A recurring theme of legislative committee hearings of the bill calling for the increase to the state’s sales tax is the lack of opponent testimony.
Similar to its House committee hearing, House Bill 1182, which increases the state’s sales tax by a half cent and reduces property taxes, had a line of proponents testifying in its favor during the Senate Appropriations hearing and no opponents.
Senate Appropriators sided with the supporters – who included all the state’s education associations along with the South Dakota Retailers, Chamber of Commerce, Cattlemen’s Association and Rapid City Chamber of Commerce – and passed the bill on a 7-2 vote.
“It needs to be done,” Sen. Larry Tidemann said. “This will take care of the teachers.”
The half-cent increase would generate more than $60 million in new revenue next year for school districts to put towards raising teacher salaries and would provide $34 million in property tax relief, which Gov. Daugaard Chief of Staff Tony Venhuizen could grow to as much as $50 million in 10 years based on inflation.
The half cent increase to the state’s sales tax, which has not been raised since 1969, would provide much needed sustainability to education funding, where other suggested avenues fall short.
“The only option that’s sustainable is the sales tax,” ASBSD Executive Director Wade Pogany said.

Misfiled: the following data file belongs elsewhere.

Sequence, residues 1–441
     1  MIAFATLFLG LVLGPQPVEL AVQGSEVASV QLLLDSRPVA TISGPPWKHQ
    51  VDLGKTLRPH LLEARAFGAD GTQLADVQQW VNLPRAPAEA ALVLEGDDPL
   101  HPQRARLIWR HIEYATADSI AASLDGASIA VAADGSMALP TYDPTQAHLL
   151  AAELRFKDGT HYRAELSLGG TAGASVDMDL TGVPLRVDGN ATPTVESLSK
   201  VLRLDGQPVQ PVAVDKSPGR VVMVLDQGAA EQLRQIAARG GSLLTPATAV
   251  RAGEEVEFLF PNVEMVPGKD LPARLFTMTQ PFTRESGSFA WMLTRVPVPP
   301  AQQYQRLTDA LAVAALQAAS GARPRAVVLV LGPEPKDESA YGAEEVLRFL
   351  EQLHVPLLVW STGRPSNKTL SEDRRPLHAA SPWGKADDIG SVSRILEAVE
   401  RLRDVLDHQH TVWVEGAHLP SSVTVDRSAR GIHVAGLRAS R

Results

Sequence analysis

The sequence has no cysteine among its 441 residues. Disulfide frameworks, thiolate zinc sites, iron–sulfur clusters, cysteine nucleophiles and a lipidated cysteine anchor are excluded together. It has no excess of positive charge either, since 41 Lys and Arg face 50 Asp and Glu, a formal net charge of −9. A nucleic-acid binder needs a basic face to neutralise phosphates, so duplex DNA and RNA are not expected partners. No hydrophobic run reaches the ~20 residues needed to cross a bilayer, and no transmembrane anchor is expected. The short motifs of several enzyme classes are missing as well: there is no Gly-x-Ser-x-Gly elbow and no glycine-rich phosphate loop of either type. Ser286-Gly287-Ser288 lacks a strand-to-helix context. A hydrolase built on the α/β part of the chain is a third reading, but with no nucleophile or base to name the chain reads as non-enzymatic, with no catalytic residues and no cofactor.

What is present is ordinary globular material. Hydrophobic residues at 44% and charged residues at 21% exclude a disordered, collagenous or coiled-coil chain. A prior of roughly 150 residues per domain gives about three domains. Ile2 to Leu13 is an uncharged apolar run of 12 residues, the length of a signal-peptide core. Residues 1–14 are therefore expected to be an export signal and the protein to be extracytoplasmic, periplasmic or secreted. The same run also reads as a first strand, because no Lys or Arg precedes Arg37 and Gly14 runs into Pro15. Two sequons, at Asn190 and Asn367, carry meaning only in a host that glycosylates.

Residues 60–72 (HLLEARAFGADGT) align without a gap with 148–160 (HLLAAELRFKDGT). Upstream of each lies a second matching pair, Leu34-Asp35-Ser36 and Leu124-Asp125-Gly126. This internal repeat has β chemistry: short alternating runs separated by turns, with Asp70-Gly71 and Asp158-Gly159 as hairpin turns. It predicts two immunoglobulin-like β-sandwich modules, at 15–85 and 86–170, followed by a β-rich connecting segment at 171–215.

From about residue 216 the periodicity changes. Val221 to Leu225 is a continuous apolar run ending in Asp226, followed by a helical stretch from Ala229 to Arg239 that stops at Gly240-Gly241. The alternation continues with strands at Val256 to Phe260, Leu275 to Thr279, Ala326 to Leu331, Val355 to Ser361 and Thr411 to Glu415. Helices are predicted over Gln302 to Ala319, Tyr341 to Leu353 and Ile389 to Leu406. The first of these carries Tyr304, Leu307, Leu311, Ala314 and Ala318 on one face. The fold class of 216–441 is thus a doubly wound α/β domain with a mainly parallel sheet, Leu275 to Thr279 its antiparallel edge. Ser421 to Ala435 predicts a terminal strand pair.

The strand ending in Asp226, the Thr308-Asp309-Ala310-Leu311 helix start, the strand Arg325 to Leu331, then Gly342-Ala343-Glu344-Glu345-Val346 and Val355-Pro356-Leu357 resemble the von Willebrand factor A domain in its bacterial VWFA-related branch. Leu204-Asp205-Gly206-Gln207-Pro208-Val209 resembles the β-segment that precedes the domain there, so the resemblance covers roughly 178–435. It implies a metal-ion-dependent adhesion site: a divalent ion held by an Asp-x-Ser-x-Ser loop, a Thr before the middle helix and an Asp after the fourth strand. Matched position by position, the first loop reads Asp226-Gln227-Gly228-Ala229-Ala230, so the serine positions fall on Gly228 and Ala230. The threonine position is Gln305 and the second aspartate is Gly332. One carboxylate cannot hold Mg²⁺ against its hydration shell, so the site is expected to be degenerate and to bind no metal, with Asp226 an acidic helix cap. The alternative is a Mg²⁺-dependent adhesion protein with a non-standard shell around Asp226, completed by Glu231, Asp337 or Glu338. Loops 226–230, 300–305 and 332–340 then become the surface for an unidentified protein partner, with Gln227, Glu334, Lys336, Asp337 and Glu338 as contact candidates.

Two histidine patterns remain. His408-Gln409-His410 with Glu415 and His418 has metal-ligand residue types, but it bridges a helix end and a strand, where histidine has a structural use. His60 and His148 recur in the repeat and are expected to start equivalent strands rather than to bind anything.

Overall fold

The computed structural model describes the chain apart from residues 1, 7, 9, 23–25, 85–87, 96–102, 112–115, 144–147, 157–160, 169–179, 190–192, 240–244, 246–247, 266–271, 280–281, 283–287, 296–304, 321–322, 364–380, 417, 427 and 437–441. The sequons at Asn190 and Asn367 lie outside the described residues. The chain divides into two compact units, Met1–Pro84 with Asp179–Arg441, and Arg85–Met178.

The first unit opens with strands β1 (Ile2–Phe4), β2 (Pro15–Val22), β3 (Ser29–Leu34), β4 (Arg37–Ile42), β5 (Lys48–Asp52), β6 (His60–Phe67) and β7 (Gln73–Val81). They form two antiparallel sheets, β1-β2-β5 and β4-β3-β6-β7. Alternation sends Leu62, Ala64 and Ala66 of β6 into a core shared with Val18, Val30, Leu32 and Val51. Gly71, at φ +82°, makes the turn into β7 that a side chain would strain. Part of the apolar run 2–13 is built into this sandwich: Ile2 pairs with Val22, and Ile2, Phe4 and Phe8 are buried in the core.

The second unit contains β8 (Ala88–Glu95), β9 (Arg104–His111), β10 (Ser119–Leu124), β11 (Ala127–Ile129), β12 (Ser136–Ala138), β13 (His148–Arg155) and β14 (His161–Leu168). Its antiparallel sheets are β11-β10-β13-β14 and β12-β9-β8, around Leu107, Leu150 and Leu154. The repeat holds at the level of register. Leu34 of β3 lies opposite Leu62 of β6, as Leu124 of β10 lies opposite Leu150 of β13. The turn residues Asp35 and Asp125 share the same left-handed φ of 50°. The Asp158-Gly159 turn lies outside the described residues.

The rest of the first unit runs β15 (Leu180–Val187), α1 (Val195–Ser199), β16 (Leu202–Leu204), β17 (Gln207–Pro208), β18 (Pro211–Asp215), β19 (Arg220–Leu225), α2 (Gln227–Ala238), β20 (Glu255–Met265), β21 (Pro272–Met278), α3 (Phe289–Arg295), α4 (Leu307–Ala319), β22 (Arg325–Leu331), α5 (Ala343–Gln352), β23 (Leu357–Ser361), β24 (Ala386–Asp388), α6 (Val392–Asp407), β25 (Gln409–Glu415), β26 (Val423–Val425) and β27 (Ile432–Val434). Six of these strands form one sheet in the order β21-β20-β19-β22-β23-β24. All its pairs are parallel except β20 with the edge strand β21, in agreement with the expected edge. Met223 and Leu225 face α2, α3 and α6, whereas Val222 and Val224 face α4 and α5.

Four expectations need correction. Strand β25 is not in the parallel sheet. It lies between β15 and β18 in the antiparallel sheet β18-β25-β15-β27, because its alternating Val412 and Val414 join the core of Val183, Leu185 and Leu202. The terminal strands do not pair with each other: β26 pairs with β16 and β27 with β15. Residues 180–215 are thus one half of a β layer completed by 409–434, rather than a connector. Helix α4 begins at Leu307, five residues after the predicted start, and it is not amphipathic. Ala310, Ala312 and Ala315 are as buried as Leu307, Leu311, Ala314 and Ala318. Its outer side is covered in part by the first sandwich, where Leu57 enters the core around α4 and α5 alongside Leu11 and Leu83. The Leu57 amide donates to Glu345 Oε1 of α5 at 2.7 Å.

Several legislative appropriators have rebuffed the theory broached by Sen. Phyllis Heineman that money can be found within the state’s budget to fund education. Sen. Terri Haverly noted her review of budget figures found no sustainable dollars “left on the table” for schools.
Since the budget cuts of 2011, $2.2 million in additional, ongoing dollars was found in the state’s budget during the legislative session budgeting process to put towards education.
“I think we truly need to look at (HB 1182) as an investment,” SASD Executive Director Rob Monson said.
The proposal ensures 63 percent of the revenue generated from the state’s sales tax increase goes to school districts for teacher pay and mandates 85 percent of the new revenue percentage increase schools receive be spent on teachers.
S.D. Retailers Executive Director Shawn Lyons noted his group finds the proposal to have “good efficiencies and accountabilities.”
Additional accountability and efficiency in education funding is found in Senate Bill 131, which establishes a new funding formula based on a student-to-teacher ratio, adjusts provisions in the Capital Outlay fund, institute equalization principles for other revenue and set caps on general fund reserves.
Senate Bill 133, which supports teacher recruitment and retention programs, assists school districts in sharing services and expands online classes, rounds out the legislative trio in education funding increase proposal. SB 131 and 133 are awaiting review and vote in the House.
“Overall, it’s a product and a plan we can get behind,” Sen. Deb Peters said.
HB 1182 now moves to the Senate floor for debate and vote – requiring 2/3 majority (24 votes) to pass.
“I think the solution is before us,” Sen. Tidemann said. “It’s a solution that’s an investment.”
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